As a consequence of rich morphology of Odia we control morphotactic phenomena, as much as possible, in the morphological segmentation phase. Alternatively, a model with minimal morphotactic treatment, as noted by (Ritchie, Pulman, Black & Russel 1992) would produce too many possible analyses after segmentation, which could be rejected in a second phase. They do not adopt finite state mechanism to control morphotactic phenomena, and their two-level implementation incorporates a straightforward morphotactics, reducing the number of sub-lexicons to the indispensable (prefixes, lemmas and suffixes). This approximation would be highly inefficient for agglutinative languages like Odia, as it would create many nonsensical interpretations that would be rejected by the system. Therefore, we separate sequential morphotactics (i.e., which sequences of morphemes can or cannot combine with each other to form valid words), which will be recognized by means of continuation classes, and non-sequential morphotactics like long-distance dependencies that will be controlled by the word-grammar. The remainder of this paper is organized as follows. Section 2 gives a brief description of the Odia verbal forms including multi-verb constructions. Section 3 discusses the syntactic and semantic aspects of multi-verb constructions. Section 4 describes the architecture for morphological processing, specifies the phenomena covered by the analyzer, explains its design criteria, and presents the processing details. Section 5 shows an evaluation of the DFA and ends with some concluding remarks. 2. Odia Verbal Forms 2.1 Single-verb Verbal Forms Odia is a syntactically head-final and morphologically agglutinative language. A number of morphemes carrying different grammatical functions get affixed to the verbal root to make a verbal form. The major inflectional subsystems that cluster around the verb are: tense, aspect, agreement markers, negation markers, auxiliary morpheme etc. Considering single-verb verbal forms, Odia typically contains a verbal root followed by a sequence of morphemes, as in (2). (2)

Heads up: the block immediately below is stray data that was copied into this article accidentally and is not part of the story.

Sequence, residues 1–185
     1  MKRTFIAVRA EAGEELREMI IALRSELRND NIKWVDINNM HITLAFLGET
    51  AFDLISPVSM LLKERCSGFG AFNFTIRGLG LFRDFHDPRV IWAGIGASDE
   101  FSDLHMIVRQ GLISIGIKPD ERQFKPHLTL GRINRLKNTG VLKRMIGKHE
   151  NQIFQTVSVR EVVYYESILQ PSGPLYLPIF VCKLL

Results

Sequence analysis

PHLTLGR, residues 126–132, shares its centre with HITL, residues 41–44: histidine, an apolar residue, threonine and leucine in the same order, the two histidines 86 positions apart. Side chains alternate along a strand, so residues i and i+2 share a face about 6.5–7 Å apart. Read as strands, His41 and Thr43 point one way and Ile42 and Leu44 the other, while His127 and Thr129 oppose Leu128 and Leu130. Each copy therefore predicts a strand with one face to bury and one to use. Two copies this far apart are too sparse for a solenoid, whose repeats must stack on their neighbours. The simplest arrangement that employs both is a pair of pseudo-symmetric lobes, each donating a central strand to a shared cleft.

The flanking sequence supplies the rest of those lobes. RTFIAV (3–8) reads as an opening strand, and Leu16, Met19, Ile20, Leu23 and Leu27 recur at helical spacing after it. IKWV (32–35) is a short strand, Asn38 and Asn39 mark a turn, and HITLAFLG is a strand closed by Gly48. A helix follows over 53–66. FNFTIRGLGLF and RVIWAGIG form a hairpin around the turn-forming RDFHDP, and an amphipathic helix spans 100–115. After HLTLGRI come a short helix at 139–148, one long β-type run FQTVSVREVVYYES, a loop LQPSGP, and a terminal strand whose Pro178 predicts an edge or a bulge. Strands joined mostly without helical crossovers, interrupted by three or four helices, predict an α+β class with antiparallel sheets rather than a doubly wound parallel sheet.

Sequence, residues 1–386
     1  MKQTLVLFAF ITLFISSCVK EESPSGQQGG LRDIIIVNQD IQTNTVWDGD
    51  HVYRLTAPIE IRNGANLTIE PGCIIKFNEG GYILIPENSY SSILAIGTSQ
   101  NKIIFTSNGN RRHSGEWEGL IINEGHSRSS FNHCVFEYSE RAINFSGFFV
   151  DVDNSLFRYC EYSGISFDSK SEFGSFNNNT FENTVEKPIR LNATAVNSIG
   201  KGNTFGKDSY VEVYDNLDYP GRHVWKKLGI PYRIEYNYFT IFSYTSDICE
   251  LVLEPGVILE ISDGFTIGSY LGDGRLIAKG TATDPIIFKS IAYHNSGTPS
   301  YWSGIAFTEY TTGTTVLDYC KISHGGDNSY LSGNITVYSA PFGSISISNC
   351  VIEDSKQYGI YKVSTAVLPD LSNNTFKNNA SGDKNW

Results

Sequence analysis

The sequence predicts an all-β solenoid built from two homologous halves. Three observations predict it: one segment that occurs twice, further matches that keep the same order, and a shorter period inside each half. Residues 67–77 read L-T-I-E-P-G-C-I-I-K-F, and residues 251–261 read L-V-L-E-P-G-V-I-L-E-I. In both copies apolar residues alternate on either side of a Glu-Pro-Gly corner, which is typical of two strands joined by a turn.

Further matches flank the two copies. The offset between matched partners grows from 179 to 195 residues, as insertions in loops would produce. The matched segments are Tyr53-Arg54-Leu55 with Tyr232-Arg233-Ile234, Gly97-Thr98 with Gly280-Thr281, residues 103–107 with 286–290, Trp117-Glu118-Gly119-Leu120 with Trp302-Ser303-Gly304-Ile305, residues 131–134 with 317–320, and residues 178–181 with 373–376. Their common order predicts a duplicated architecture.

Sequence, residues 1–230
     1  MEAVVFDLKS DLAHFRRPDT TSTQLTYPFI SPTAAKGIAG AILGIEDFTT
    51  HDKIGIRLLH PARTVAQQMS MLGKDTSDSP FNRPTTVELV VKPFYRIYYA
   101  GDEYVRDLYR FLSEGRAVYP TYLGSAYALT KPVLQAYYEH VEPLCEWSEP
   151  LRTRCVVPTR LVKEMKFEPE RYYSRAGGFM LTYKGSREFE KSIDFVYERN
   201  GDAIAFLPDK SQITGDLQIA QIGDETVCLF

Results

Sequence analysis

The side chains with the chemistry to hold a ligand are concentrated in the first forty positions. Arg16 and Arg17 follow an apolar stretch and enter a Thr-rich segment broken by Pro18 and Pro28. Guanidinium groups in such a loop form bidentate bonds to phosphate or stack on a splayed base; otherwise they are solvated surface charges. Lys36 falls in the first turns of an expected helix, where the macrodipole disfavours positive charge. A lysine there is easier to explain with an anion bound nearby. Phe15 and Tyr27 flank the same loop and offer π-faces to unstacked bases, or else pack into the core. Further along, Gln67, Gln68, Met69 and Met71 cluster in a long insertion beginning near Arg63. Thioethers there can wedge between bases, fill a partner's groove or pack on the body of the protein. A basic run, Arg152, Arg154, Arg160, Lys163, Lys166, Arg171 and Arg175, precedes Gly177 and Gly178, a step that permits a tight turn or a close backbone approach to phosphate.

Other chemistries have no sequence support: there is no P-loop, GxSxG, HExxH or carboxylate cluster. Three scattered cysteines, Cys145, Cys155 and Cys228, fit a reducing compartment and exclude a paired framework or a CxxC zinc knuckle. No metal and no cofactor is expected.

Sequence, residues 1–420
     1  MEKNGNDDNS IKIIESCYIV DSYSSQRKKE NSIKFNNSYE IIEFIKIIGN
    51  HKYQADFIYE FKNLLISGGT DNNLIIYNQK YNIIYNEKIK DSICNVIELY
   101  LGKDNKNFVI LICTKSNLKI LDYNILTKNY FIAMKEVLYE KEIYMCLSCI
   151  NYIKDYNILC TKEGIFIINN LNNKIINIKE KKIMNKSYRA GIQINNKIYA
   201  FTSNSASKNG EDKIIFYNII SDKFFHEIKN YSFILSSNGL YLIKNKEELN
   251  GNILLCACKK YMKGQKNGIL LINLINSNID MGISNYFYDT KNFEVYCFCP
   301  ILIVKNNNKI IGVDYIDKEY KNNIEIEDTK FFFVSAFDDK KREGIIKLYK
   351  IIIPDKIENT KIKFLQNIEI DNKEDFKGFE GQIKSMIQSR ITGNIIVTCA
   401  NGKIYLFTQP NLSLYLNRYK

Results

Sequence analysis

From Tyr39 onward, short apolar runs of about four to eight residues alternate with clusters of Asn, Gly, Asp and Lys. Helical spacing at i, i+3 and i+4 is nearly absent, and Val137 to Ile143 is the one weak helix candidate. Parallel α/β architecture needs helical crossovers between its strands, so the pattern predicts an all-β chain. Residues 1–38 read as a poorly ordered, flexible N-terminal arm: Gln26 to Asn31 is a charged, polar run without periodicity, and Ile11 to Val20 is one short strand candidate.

kar-i-paar-u-na-th-il-aa do-CM–Modal-ASPPROG–NEG-AUX-TensePAST-AGR3rd SG ‘(S/he) was not able to do.’

In (2), the verbal root ‘do’ is followed by the conjunctive morpheme (CM), the ability modal morpheme, the progressive aspectual morpheme, the negative morpheme, the auxiliary morpheme, the past tense morpheme and the 3rd person singular morpheme. Agreement distinguishes finite verbal forms from non-finite verbal forms in Odia, although tense has extended functions in both finite as well as nonfinite constructions. In a finite verbal form, the realization of the verbal root, Agr. and Tense (except for the present tense) is obligatory, while the realization of Asp, Aux, Modal or CM is optional. The sequence of items in a finite verbal form can be shown as follows (Sahoo 2001): (3) Root-(CM)-(Modal)-(ASP)-(NEG)-(AUX)-Tense-AGR Nayak (1987) also has proposed the same sequence of items but for CM and modal. The morphemes that occur in a finite verbal form can be listed as follows: there are two Aspect morphemes: u (Progressive) and i (Perfective); three Auxiliary morphemes: achh (Present), th (Past and Future), and thaa (Hypothetical); one modal morpheme: paar, one conjunctive morpheme: i. The Tense morphemes are realized as il (Past), ib (Future) and ant (Hypothetical). The present tense morpheme


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is not lexically realized (Sahoo 2001; Nayak 1987). Agreement morphemes are marked for person, number and honorificity. In a finite clause, the Auxiliary and Aspect are interdependent morphemes, in the sense that, the Auxiliary morpheme cannot occur in the absence of the Aspect morpheme, and the vice versa. However, the Aspect morpheme can occur in the absence of an Auxiliary morpheme in a nonfinite construction. Similarly, the Modal morpheme is dependent on the CM, but the reverse is not true. Participials (PRTP), gerundives (GER), conditionals (COND), infinitivals, telic affirmative affixes (Tel Aff) and conjunctive morphemes (CM), which lack agreement features are realized in non-finite verbal forms in Odia. So, the classification of verbal forms in the language can be shown as follows (Sahoo 2001):